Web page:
Shelby: I was very interested in the interaction between the Warrens, but what really caught my eye was Jean. Her role in this issue was brief, but powerful. And concerning, did I mention concerning? We all know Jean has a dark side, a dark side she has trouble controlling once her powers really start to manifest; to just reach into Young Warren’s head and flip a switch is a big step in the wrong direction. Her actions prove perfectly that Young Warren is absolutely correct. Because of this little jaunt forward in time, Jean’s powers have manifested sooner than they are (were? Tense is confusing in this book) supposed to, before she’s had an opportunity to learn to control them. And while she’s wrong to, as Henry puts it, “…go digging in other people’s minds and just change them…” he is just as wrong to scold her for it. Beast didn’t bring the kids to the future to save himself, he did it to stop Old Scott, but that didn’t stop Henry from using his own power to save his future self. Jean is doing the same thing; she’s using her powers to try to save herself. She’s just being a lot more aggressive about it, and is not letting anyone stand in her way.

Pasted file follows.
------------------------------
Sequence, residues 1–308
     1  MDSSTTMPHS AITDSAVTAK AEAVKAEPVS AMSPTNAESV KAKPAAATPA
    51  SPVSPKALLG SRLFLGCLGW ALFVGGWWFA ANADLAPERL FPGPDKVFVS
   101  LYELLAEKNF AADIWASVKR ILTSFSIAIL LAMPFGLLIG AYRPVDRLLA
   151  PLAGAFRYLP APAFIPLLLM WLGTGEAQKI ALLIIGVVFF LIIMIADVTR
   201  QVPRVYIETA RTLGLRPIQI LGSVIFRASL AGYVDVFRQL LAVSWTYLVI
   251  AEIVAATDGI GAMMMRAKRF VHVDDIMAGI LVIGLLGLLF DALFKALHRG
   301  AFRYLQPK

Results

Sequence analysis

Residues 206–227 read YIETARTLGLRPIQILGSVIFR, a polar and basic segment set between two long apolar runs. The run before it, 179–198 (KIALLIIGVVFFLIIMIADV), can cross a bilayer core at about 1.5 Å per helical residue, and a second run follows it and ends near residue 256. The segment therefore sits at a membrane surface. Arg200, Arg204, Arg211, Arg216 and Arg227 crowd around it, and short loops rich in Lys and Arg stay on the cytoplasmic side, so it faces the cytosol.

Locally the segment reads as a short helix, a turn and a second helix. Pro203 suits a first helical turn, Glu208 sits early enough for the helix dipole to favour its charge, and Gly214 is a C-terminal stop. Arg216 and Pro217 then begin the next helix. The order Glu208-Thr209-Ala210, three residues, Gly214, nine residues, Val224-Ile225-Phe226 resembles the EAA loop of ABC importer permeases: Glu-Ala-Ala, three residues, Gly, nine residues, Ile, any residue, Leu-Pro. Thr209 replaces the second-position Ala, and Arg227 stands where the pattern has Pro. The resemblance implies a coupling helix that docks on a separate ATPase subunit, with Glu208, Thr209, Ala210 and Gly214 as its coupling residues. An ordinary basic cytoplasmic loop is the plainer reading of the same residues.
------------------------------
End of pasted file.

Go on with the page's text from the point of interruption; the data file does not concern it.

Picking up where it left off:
Despite the extra serious events happening in this issue, Bendis’ light-hearted style carries through the book. He’s developed such an easy-going, realistic voice for these characters. I love the exchange between Kitty and Old Bobby, as they fill in the dialogue for Cap and Beast’s conversation. Who among us has not played that game before? The time travel/young meeting old/change the future plot makes this title complex and compelling, but for me the backbone of the story is the way these characters interact with each other and with the world around them. They are grounded in reality, despite being mutants with fantastic powers. I can relate to them, I understand why they feel the way they do about what’s happening to them. And the more sympathetic and understandable these X-Men are, the more opportunities I have to reminisce about my childhood desire to be an X-Man (my character had wings like Warren, but they were black, and she had electrical powers); in my opinion, any book that makes me both remember my girlish daydreams and wrestle with the complexities of real-time effects of time travel is doing something very right.